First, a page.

Yeasayer – Odd Blood

The build-up to Yeasayer’s second record has been fairly impressive. Back in February they contributed one of the highlights of the Dark Was The Night compilation, the spirited “Tightrope”. They played a few major gigs over the summer, impressing particularly at Bonnaroo. And then, just a couple of months ago, they dropped “Ambling Alp” on us, as the alpha male of the album. Joyous, infectious, and perfectly combining euphoric pop hooks with Yeasayer’s usual ethereal texture, the anticipation for this record had suddenly gone through the roof.

The worries I had before listening to the full album was that their debut, “All Hour Cymbals”, was simply far too inconsistent (or even worse, too consistently mediocre) for “Odd Blood” to warrant the attention it was receiving. Were Yeasayer simply doing the same with “Ambling Alp” as they had with “2080”? To create properly complete and enjoyable album, Yeasayer would have to concentrate as much on the weaker tracks as on their big-hitters.

That’s not exactly what they’ve done, listening to the album you can hear exactly which songs the band feel are the strong ones and the weak ones. However, there are a number of notable improvements. Yeasayer employ more variety over the course of the album, and the unpredictability is welcome. A pulsating dance track such as “ONE” is as likely to appear next as a more traditional Yeasayer song, ie one that borrows from their usual well of funky neo-psychedelia, see “Madder Red”.

A certain inspiration has been drawn, in places, from the new fleet of “experimental pop” bands, Animal Collective and !!! particularly. Yeasayer are happy to put the vocals at the forefront, though, Chris Keating switching finely between disco-falsetto and deep, dark call to arms. This is showcased impressively on “Rome”, a song that likes to imply it is a simple dance track, but forks off into jittery keyboard solos and sudden stabs of high-pitched wailing. The pulse beats and the fingers click but as Keating cries “Rome is gonna be mine” the feeling is that this is more of a threatening song.

One disadvantage of this influence, however, is when Yeasayer try to replicate the sound they aspire to as opposed to simply using it as one ingredient. They are well-equipped at making decent songs with one or two stand outs on an album, so I don’t really think they need to do any copy-catting. The disappointing, almost cringe-worthy pop of “Love Me Girl” and the emptily robotic opener “The Children” could have done with being left out, the band are clearly capable of sleeker, more infectious fare.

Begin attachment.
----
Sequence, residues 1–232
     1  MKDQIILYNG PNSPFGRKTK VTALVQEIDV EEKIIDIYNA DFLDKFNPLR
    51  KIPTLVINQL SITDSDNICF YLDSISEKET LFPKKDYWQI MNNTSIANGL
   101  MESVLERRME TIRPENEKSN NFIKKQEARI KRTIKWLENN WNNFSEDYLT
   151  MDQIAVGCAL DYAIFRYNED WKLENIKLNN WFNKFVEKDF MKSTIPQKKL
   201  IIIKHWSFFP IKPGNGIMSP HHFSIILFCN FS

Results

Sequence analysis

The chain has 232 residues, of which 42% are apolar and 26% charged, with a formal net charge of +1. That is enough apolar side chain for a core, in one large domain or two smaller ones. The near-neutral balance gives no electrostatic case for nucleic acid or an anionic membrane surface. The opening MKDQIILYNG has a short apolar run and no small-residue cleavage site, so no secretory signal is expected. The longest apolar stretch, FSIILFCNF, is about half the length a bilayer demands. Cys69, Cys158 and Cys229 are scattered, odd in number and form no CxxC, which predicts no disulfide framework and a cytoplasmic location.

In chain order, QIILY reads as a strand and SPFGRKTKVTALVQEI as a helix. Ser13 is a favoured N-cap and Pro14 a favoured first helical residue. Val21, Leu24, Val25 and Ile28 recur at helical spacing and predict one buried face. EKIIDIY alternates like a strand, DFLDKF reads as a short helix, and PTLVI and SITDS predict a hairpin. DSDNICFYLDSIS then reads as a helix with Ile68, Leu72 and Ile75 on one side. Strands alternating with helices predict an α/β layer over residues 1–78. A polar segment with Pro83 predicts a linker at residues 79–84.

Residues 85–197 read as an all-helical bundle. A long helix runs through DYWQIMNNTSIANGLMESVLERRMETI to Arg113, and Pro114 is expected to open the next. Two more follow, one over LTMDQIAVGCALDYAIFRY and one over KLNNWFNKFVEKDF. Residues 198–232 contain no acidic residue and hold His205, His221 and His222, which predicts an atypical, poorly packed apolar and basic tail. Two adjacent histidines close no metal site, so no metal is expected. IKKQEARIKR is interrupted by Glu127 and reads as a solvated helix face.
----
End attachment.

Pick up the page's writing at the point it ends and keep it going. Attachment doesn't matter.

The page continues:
I have to drop a bit of praise to the bass on this album, on certain tracks, “Ambling Alp” particularly, it carries a flair and rhythm-enhancing satisfaction that is uncommon around a lot of bands, particularly ones in this genre. I’ve always enjoyed Yeasayer’s basslines, both on All Hour Cymbals and the variations that are performed live, so it’s good to hear a few more treats added to their collections on this record.

The quality is higher than the previous album, the record as a whole carries more variety, and although there are weak points, mainly involving lazy attempts to re-create other sounds, there is still a lot to enjoy.



About Alex Pavitt
I work in the field of emotion. My tools are instinctual feelings and my laptop is the medium between my brain and the outside world. I deconstruct and rebuild. I imagine. I steal other people's lyrics because somtimes, my own words aren't enough. I spend all of my time somewhere inside my head. I worship Douglas Adams, and in the back of my mind I am always painfully aware that I will never be as good as him or, for that matter, anybody else.

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